Rhyme's Reason: A Guide to English Verse - Appendix Summary & Analysis

John Hollander
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Appendix Summary and Analysis

Hollander ends the book with an appendix made up of examples of other poets who have composed verse about the structure of poetry, as he has done throughout his own book. He begins with a poem by Alexander Pope, who criticizes the common practice of judging poetry by how closely it sticks to the form it adopts:

But most by numbers judge a poet's song,

and smooth or rough, with them, is right or wrong;

In the bright Muse though thousand charms conspire,

Her voice is all these tuneful fools admire,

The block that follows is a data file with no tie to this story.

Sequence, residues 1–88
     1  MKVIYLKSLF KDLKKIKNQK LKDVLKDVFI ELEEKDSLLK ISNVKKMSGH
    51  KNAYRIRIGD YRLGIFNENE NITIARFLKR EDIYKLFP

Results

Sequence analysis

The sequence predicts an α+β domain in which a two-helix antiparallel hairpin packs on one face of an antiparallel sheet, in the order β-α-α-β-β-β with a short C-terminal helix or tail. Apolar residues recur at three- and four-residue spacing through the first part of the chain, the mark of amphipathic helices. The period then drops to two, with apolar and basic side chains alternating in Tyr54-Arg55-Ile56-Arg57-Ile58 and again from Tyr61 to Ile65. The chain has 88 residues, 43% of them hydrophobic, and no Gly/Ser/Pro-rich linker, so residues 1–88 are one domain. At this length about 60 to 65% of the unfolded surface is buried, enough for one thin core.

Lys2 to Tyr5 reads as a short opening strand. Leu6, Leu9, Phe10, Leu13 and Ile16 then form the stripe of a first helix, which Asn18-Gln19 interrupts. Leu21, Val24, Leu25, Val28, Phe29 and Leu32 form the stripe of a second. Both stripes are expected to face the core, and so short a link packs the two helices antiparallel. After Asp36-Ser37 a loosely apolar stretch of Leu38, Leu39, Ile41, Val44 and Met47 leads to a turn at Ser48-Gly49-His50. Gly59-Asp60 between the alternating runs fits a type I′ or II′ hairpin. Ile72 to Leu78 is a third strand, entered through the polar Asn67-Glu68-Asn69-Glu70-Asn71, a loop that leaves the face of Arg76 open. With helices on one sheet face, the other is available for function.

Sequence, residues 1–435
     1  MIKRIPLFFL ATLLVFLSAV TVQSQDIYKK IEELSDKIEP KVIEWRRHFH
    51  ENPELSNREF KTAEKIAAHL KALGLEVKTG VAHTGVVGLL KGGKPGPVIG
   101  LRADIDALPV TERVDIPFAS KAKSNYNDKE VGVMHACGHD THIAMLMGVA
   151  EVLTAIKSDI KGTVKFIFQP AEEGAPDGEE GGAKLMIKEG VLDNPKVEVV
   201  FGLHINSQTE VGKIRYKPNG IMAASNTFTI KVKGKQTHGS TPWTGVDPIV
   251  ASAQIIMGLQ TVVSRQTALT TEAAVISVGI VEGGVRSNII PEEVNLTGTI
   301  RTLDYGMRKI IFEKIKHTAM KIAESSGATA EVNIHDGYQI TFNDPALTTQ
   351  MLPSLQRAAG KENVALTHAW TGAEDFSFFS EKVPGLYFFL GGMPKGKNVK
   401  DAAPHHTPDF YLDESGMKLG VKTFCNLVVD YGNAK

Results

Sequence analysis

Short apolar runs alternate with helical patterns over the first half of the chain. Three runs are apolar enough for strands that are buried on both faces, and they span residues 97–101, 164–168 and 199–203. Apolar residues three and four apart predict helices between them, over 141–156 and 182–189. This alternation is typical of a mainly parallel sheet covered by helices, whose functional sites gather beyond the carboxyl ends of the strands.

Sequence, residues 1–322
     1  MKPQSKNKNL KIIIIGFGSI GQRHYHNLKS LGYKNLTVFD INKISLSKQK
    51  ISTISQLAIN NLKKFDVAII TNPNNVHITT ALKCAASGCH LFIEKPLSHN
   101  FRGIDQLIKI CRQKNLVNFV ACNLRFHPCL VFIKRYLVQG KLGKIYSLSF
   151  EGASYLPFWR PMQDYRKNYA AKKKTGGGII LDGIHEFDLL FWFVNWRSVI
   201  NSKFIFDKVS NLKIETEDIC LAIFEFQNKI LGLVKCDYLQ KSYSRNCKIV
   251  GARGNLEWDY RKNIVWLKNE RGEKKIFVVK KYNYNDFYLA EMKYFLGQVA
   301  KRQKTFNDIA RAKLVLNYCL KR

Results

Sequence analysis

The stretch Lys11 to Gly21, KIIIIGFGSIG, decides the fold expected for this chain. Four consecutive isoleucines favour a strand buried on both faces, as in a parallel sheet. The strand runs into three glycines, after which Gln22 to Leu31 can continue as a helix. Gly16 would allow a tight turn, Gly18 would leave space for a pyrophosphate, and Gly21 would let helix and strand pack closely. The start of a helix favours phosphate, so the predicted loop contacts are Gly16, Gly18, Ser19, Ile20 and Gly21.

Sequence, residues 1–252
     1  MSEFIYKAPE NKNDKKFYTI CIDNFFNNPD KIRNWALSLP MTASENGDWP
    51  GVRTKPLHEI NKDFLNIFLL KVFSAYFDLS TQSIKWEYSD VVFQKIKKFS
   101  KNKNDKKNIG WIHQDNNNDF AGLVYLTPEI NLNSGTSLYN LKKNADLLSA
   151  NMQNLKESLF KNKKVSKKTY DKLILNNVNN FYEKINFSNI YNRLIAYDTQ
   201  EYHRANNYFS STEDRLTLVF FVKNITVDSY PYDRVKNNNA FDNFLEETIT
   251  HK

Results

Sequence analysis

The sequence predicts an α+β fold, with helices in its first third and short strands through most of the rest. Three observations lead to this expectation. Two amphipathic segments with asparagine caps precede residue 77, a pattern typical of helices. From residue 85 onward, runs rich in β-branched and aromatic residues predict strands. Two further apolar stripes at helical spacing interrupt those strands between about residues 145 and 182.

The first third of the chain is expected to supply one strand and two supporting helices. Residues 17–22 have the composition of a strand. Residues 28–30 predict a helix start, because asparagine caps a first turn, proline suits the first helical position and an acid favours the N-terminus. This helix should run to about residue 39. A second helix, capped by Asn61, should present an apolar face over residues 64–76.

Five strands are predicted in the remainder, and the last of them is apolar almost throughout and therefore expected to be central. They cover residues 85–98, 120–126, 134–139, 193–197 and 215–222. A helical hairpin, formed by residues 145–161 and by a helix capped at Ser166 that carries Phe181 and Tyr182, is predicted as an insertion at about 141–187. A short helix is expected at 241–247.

Hollander agrees with pope's assessment that it is foolish to only judge a poem by its "voice." Later in the poem, Pope writes:

'Tis not enough no harshness gives offense,

The sound must seem an echo to the sense. (p. 69)

The verse must fit the subject, Pope explains. When the...

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This section contains 505 words
(approx. 2 pages at 400 words per page)
Buy the Rhyme's Reason: A Guide to English Verse Study Guide
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